Student Loans Company in £36.5m cock-up

The Student Loans Company (SLC) has been plunged into renewed controversy as it was revealed that more than 63,000 graduates have been made to over-pay their student loans.

Unknown to their customers, the Glasgow-based organisation collected a surplus £36.5m during the year 2010-11, at an average of £577 per person. The money continued to be deducted from salaries sometimes for months after the loans had been paid off, with some individuals claiming they were charged thousands more than was due.

This is not, however, a one-off. The SLC has been overcharging ex-students for years, despite repeated guarantees that the phenomenon would never happen again. Moreover, the over-payments have been increasing markedly - from around £16m in 2007-08 to £19m in 2008-09, and to £22m in 2009-10.

Founded in 1990 to provide low-interest government-backed loans to UK students, this is just the latest in a history of failings. In 2009, The Cambridge Student (TCS) reported on a History student at Clare College, whose application for a Disabled Students Allowance was lost by the SLC. They dealt with the issue poorly, repeatedly placing the blame on the student who said at the time: "I was lied to on the phone originally and told I had simply heard nothing because of a two week backlog."

In 2010, the SLC's chief executive and chairman were forced to step down after being heavily criticised for the countless delays in the application process. Meanwhile, the new chief executive Ed Lester was criticised earlier this year after it was revealed that he had managed to avoid paying tens of thousands of pounds worth of taxes by receiving payment through a private company.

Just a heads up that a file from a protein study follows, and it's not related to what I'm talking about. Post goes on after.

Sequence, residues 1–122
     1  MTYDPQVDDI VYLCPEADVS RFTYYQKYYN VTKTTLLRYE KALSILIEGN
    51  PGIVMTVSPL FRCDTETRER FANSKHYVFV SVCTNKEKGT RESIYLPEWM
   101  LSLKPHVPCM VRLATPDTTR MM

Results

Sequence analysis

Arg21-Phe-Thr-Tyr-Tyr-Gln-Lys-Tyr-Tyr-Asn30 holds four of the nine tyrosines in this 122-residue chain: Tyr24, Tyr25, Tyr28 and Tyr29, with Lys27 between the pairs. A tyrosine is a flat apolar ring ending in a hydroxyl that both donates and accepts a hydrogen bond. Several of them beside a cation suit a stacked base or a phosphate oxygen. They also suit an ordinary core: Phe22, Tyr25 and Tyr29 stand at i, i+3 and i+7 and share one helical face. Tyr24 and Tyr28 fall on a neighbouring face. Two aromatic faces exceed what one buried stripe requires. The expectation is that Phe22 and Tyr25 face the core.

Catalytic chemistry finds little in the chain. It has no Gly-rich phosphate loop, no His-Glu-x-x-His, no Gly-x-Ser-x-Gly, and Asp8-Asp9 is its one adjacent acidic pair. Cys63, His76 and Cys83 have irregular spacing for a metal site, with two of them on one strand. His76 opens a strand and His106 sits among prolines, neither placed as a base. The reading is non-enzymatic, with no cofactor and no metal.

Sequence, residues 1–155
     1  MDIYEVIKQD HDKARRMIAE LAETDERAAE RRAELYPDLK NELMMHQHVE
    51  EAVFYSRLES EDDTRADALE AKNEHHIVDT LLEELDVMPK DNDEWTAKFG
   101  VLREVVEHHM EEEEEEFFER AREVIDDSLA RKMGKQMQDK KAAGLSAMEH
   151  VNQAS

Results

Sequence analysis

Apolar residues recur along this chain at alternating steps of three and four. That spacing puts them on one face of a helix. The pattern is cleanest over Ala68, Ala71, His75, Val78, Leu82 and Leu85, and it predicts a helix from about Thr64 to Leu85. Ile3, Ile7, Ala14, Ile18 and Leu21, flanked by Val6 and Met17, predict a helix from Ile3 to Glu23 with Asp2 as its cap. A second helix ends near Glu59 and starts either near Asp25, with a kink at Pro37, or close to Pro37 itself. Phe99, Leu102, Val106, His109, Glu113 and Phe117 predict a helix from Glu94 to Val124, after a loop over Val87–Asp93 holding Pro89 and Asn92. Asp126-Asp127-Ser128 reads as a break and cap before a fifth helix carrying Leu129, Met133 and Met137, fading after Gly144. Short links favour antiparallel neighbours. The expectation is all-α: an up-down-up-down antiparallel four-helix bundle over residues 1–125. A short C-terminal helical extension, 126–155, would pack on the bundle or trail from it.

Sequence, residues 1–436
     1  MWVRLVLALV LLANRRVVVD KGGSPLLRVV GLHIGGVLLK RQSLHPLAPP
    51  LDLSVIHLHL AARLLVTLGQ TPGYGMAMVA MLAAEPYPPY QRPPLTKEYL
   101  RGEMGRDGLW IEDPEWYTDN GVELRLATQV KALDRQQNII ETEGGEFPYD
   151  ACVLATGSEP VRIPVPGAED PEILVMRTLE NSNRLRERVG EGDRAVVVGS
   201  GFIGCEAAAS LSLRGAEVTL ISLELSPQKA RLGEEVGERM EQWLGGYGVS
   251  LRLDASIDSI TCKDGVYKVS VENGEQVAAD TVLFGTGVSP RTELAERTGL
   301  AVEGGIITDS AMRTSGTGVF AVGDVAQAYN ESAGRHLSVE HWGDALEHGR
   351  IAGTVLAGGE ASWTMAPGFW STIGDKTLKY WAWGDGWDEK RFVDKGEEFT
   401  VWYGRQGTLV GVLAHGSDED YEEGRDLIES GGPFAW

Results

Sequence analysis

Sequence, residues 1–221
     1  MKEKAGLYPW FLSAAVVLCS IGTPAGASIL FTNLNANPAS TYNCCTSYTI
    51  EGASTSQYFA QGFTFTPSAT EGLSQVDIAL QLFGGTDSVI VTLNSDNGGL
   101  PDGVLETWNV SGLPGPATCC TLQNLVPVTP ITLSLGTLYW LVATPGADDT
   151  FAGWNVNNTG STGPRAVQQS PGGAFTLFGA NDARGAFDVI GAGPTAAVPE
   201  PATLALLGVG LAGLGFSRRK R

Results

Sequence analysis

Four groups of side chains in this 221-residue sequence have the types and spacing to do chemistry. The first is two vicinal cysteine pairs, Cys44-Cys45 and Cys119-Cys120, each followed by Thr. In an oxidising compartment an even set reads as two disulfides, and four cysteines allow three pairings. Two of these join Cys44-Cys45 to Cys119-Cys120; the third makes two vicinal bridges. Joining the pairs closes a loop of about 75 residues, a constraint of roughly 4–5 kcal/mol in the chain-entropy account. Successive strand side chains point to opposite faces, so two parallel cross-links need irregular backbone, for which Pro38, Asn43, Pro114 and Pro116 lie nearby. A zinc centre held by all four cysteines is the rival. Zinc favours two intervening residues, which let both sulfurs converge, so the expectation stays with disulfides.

According to Pete Mercer, vice-president of the National Union of Students (NUS), this most recent hiccup comes down to disorganisation and insufficient cooperation between the SLC and HM Revenue & Customs (HMRC). He states: "The huge overpayments we're seeing annually on student loans demonstrate that a switch to real-time communication between the Student Loans Company and HMRC cannot come soon enough."

Inadequate communication between the SLC and HMRC means that there is a time lag of several weeks between the end of the financial year and HMRC's disclosure of how much the customer paid during those 12 months, putting people at risk of being charged more than necessary during this gap.

Kevin O'Connor, the head of repayment at the SLC, assured critics: "We contact all graduate customers who are identified as likely to overpay their loans and advise them of their options coming towards the end of their repayment." The SLC also maintains that all affected former students are refunded with added interest, provided that these individuals realise that they have been over-paying and take the necessary action.

At a time when graduates' post-university debt is sky-rocketing and the number of people in the process of paying off their borrowing is nearing three million, this news is more worrying than ever. However, former students are not the only ones feeling the effects of the SLC's failure to perform. A current undergraduate at Trinity Hall told TCS that they only received their maintenance grant at the very end of the academic year for which they applied after months of stressful phone calls and false information – an extra worry provided by a company that is supposed to specialise in financial assistance.

Mimi Yagoub – News Reporter

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